In the realm of action cameras few have been able to compete with GoPro. Companies like Contour and Wasp have been doing a great job providing more affordable, slightly lower quality options for the amateur videographer/action hero, but they just don’t have the recognition or aftermarket support to become industry standards.
The problem with industry standards is this: most industry standards are a popularity contest. There is no denying that GoPro is the most popular brand of action camera, but is it the best bang for your buck?
Enter, the Wasp GIDEON, a Canadian company’s answer to that question. The GIDEON boasts HD 1080p video at 60fps and HD 720p at 120fps. That’s comparable to the premier Go-Pro for 30 per cent less! It sure looks good on paper.
I was fortunate enough to get one to test. I hopped on a plane and headed west to BC where I had a chance to hit the trails (once with my face). For a side-by-side comparison, my riding buddy Dave was sporting the GoPro Silver, another rider (Josh) had the Wasp 9600 and I the Wasp GIDEON.
Since the lens is situated in the middle of the camera body, I found I had more mounting choices. When using helmet cams, I find cameras with lenses on either side may result in too much helmet in your shot depending on which side you choose to mount it. I like to have options, and the GIDEON works well for that.
I was limited in mounting equipment; I ended up fixing the self-adhesive mount to the top of my helmet. Adjusting the camera was a cinch. While the other two fiddled with their iPhones and apps to get their lenses aligned, I pressed a couple buttons on my flashy Wasp remote wrist watch (that comes standard with the GIDEON model) to view my camera angle, reach up, tilt the camera slightly down and hit record.
The LCD screen on the watch was a little difficult to see in the daylight and it only previewed for a few seconds but a cupped hand over the screen and another touch of a button did the trick. I was ready to go.
Once we were moving I didn’t think much about the camera on my head. I was a little concerned about the size and weight of the camera at first, since it has a little bigger profile than most action cams, but it wasn’t a problem.
After 20 minutes of jumps, banks, gnarly hill climbs and a lady who thought she was on a walking trail, we arrived back at the truck where we indulged in the customary exaggeration of our skills that nobody recorded or saw.
I downloaded all the footage from all three cameras onto the computer expecting to see the Go-Pro Silver’s quality immediately stand out; other than its slightly wider angle lens, it didn’t.
The first thing I noticed was the GIDEON’s colour reproduction. The trees were as green as I remembered and the rocks my face knew all to well were the same grey. The video quality was great. Straight lines were smooth, there was no obvious image compression and there was only a small amount of motion blur.
The battery life was fantastic as well. I started the trail on 70 per cent battery, recorded for the entire 20 minute ride and still had over 60 per cent remaining to record a ten minute go-kart race the next day which returned once again, great video.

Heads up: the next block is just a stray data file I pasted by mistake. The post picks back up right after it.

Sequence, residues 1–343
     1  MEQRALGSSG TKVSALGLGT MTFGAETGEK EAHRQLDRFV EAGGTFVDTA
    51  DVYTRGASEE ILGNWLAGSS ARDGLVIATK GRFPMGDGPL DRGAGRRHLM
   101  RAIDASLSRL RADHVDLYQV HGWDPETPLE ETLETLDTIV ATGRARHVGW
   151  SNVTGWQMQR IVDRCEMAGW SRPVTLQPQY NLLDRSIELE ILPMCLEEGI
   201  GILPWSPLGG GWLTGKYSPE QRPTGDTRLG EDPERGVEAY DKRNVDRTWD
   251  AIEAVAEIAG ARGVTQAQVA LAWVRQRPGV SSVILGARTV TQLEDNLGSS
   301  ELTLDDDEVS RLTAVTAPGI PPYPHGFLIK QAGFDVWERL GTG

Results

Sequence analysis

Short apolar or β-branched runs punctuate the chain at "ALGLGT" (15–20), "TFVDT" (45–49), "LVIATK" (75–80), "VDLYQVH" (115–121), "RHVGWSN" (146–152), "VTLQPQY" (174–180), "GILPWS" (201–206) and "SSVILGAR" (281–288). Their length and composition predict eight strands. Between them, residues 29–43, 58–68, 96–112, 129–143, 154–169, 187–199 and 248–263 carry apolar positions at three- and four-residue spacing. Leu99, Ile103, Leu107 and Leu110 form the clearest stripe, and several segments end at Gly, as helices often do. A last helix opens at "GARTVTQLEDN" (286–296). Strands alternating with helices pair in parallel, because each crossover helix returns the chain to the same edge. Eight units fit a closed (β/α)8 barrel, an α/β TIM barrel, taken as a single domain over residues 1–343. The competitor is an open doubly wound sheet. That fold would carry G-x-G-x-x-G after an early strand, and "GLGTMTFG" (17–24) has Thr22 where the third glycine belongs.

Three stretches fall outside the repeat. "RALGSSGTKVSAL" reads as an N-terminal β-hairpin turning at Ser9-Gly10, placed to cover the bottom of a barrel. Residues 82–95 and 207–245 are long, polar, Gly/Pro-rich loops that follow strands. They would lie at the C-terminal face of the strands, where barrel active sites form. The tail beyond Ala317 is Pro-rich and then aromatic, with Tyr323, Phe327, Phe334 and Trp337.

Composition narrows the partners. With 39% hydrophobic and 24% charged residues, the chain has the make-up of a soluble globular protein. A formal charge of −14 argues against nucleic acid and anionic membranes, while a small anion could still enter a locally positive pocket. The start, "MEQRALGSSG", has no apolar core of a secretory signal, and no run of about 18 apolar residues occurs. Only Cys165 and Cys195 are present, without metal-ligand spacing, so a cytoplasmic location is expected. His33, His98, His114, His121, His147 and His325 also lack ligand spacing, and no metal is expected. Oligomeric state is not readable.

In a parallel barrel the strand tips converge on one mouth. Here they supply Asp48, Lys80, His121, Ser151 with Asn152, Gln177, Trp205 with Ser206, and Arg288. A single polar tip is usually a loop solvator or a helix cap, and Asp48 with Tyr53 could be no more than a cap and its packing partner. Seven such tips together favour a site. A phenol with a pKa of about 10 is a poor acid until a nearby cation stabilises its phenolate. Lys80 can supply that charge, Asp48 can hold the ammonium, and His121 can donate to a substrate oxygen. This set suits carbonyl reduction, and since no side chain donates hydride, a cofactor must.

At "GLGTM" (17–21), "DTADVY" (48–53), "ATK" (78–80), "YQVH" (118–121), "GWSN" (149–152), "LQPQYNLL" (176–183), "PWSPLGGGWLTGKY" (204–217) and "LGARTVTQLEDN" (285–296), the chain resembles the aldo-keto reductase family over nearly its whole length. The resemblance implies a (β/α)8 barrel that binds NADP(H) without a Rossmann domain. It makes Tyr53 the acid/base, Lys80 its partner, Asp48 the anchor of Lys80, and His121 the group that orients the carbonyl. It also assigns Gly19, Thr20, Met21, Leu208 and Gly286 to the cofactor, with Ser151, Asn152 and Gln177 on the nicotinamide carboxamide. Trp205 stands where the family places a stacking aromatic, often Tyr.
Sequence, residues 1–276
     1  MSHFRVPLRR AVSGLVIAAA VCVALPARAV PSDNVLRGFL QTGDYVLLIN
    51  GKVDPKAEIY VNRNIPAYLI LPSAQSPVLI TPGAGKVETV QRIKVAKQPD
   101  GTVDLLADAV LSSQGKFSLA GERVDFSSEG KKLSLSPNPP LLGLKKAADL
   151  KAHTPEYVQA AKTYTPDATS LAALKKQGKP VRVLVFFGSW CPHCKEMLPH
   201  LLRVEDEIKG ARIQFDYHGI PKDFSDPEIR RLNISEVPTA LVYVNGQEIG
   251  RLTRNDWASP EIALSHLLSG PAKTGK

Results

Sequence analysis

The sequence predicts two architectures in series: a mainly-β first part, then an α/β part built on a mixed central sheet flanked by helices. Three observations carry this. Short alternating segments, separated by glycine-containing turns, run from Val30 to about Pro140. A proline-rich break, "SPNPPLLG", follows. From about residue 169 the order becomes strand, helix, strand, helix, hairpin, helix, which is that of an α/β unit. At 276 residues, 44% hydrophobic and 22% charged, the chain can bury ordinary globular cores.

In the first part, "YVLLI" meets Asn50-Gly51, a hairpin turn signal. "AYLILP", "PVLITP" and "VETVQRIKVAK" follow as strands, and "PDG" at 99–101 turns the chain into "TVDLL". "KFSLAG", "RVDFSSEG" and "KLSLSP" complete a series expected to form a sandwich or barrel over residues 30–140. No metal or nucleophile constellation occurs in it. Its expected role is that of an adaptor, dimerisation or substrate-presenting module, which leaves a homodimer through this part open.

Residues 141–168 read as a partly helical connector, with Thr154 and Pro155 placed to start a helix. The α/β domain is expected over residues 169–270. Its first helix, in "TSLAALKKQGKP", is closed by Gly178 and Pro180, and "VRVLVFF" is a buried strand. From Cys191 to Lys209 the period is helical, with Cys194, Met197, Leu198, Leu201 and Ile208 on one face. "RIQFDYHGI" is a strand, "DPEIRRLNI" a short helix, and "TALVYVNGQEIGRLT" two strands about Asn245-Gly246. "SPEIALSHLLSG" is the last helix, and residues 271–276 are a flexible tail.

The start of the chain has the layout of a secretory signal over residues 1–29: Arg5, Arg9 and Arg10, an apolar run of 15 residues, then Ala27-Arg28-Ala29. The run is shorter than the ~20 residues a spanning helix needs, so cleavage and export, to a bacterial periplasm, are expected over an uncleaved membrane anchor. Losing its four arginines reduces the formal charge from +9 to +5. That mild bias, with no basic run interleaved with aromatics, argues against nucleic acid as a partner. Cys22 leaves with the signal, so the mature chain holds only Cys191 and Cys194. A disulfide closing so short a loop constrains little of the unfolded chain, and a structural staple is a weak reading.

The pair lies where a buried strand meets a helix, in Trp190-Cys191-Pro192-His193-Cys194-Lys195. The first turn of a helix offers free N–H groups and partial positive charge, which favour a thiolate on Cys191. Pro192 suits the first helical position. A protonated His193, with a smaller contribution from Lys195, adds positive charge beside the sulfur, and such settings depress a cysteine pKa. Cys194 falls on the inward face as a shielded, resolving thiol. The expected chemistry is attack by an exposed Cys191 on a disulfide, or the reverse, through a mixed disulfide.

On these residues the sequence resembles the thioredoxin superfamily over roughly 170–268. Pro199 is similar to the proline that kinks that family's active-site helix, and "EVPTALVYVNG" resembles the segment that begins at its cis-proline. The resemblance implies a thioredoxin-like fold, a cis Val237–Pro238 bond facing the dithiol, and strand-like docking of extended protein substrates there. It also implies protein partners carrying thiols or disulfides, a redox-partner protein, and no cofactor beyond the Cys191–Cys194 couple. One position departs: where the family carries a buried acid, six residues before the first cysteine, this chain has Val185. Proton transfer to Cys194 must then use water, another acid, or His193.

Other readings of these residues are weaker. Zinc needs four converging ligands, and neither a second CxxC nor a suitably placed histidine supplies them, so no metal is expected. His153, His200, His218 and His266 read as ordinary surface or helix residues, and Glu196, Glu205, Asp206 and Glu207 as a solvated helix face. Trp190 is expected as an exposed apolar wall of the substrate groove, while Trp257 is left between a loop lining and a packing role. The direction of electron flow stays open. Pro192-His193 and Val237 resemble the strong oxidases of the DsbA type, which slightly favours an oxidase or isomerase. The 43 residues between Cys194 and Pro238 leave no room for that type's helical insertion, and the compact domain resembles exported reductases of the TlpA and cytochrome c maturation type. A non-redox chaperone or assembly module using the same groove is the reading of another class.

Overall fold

Wasp has delivered an action camera to the market that shoots good-looking HD 1080 at 60 fps video and a flashy remote view wristwatch for 30 per cent less than other comparable action cams. It’s designed right here in Canada and on top of that, it looks cool and the cash you save can go towards one of the affordable mounting kits Wasp provides.
I will most certainly be using the Wasp GIDEON in future projects.
The Gideon camera retails for $339.99 CDN (includes GIDEON camera, LVD Wireless Wrist Remote, and various mounts & accessories). More info available here.
WASPcam 9900/9901 review – Rob Harris
I tried out the slightly lower spec 9900/9901 model (snappy name), which can record in 1080p30, 960p30 and 720p60 in 5-Megapixel photo quality. Though my video camera knowledge is next to naught, here’s what I found out from a newbie’s perspective.
The 9900/9901 also comes with a wristwatch control but sans the screen, with just options to start/stop the video and take a still shot. By mounting this on the bars of the F800GSA long-termer and the camera on my helmet, I could (in theory) operate the camera remotely without having to stop.
The trouble is there is no indication on the watch as to whether record is on or off, so you have to tilt up a mirror to see the unit on your camera and look for the little red flashing light on the front (not doable on the go!). The camera does beep when turned on but you can only hear that when you are stopped.
WASPcam also state that the camera can be hooked up to your iPhone though I never tried this option.
Also, the camera seems to ‘power off’ when not used for a while which requires you to manually hit the switch on the camera before the wrist watch control will work, rather defeating the point of the wrist control.
The waterproof case works pretty well but is prone to some condensation, which of course happens in the middle of the lens bubble and is only noticeable when you take a close look at the camera and then of course all the footage beforehand is not usable. Sigh.
Since I’m not a video expert, I cannot attest to the quality of the final video, but as Ezekiel stated, it looks perfectly usable and though the sound was a little rudimentary (with loud bangs every time I brushed under a branch), the video was great.
Here’s a sample I took for the Fundy Adventure Rally (the chatting is to my pal behind me on intercoms):
The 9900/9901 camera and wrist control retail for $269.99* . More info here.
*may be less, it was hard to find any retail pricing (sorry)
Check out all the pics that go with this story! Click on the main sized pic to transition to the next or just press play to show in a slideshow.